Weekly Roundup

Ripple (ruling) Effects: Following a federal judge’s ruling that Ripple Labs, Inc.’s did not violate securities regulations by selling its XRP token on various exchanges, numerous industry experts are claiming that it will hinder the SEC’s ability to police the crypto industry. Specifically, U.S. District Judge Analisa Torres ruled that sales on public cryptocurrency exchanges were not offers of securities due to purchasers not having “a reasonable expectation of profit.” It remains to be seen if the SEC plans to appeal the decision.

Merger Review Changes: The DOJ and the FTC announced on Wednesday updated draft guidelines for how they will evaluate corporate mergers moving forward. Specifically, the agencies stated that they intend to take a closer look at how the potential changes in competition posed by a proposed merger will affect workers and how a series of acquisitions, not just viewing vertical and horizontal mergers on a case-by-case basis, can potentially harm the marketplace. Legal and regulatory experts believe that this policy shift is an attempt to keep pace with radically evolving industries.

SEC Mum on Leveraged Loans: The SEC this week stated that they were not ready to declare its position regarding if leveraged loans can be considered securities. This statement was in response to a request for filing from a US Court of Appeals panel that was seeking the agency’s opinion on this question as they look to decide on a case that could transform the leveraged buyout marketplace. Industry observers have been closely monitoring the SEC’s filing on this question because it is expected that the court was expected to greatly rely on the agency’s opinion.

Retail Investors: Blackrock added a vote to retail investors in its biggest ETF. The firm will provide retail investors in its iShares Core S&P 500 ETF (IVV.P) the opportunity to use their voice regarding how the fund votes their shares at corporate annual meetings. Numerous industry experts believe that this policy shift is part of the asset manager’s strategy to shift public perception regarding their ESG initiatives. The change is expected to take effect for the 2024 proxy season.

Cboe’s Bitcoin Move: Cboe Global Markets Inc. took their biggest step toward introducing Bitcoin to the retail investor marketplace by submitting an application to the SEC for a Bitcoin exchange traded fund. Partnering on this endeavor with Fidelity National Financial and Coinbase, the stock exchange operator aims to form a crypto marketplace that prioritizes surveillance-sharing agreements to bolster transparency and trading integrity.

Crypto Clarity Across the Pond: British government regulators rejected calls to classify cryptocurrencies as gambling entities. This policy announcement comes after Parliament’s Treasury Select Committee issued a report in May urging Prime Minister Rishi Sunak’s government to regulate “unbacked” digital currencies as gambling properties due to certain risks that they present to investors. The government’s stance aligns with broader movements throughout the sector to make London a hub for crypto innovation.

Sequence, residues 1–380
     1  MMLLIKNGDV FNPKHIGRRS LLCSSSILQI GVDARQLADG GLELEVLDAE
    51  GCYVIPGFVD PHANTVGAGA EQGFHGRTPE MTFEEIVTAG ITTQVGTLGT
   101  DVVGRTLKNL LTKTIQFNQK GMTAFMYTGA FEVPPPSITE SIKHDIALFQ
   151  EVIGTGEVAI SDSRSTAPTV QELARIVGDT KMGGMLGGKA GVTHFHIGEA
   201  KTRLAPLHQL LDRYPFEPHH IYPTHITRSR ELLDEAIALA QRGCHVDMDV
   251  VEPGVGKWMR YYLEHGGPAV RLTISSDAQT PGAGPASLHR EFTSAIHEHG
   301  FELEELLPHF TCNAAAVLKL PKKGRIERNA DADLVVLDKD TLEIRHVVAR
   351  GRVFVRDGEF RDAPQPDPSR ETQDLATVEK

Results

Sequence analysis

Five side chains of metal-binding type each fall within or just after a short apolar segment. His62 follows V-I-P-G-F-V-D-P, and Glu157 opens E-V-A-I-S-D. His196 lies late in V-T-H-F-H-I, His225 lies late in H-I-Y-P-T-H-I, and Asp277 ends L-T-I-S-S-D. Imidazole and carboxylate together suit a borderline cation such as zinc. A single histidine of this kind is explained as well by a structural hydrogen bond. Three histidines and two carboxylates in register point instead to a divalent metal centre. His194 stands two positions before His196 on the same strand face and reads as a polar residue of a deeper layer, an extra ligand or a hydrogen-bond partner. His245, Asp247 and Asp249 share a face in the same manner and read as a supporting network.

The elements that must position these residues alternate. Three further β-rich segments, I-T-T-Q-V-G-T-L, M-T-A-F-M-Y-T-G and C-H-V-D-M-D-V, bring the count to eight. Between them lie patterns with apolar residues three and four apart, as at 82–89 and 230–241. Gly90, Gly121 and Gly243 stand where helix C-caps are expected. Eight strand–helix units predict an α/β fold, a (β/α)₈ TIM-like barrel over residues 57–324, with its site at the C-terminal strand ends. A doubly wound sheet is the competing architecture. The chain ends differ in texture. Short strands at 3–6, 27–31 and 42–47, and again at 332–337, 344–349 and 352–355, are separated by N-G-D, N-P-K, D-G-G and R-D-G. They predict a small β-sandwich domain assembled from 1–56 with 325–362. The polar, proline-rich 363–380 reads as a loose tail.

In the Mix: This Week’s Top FinTech Thought Leader

  • Samantha Dezur was named BlackRock’s latest head of U.S. Policy. According to a company spokesperson, Dezur will oversee the company’s domestic legislative policy and regulatory engagement teams. Dezur’s division, “support[s] the creation of regulatory regimes that increase financial market transparency, protect investors, and facilitate responsible growth of capital markets, while preserving consumer choice and properly balancing benefits versus implementation costs,” according to the company website.

  • Gary Gensler, Chair of the SEC, touched upon the importance of AI technology to the agency’s future enforcement operations in a speech to the National Press Club. Gensler highlighted key areas where AI could be deployed to bolster these regulatory efforts, including market surveillance, disclosure review, and entry exams. “As machines take on pattern recognition, particularly when done at scale, this can create great efficiencies across the economy. I believe it’s the most transformative technology of our time, on par with the internet and mass production of automobiles,” Gensler said.

  • Robert Rubin, former U.S. Treasury Secretary, spoke at the Washington Economic Club about his latest book The Yellow Pad. Rubin outlined his decision-making process for attendees, which has been “developed over more than six decades.” His book “offers readers an astute and original guide for navigating uncertain times.”

  • John Schindler, Secretary General of the G20’s Financial Stability Board, spoke to reporters regarding his thoughts on how recently enacted regulations across the globe have forced crypto firms to implement operational safeguards. Schindler stated that the organization’s focus on protecting consumers has led to robust action on ensuring firms throughout the industry cannot sidestep conflicts of interest, neglect risk management procedures, and sidestep disclosure rules. “Crypto asset players need to stop operating outside the regulatory perimeter or in non-compliance with existing rules…These players can no longer argue there is a lack of regulator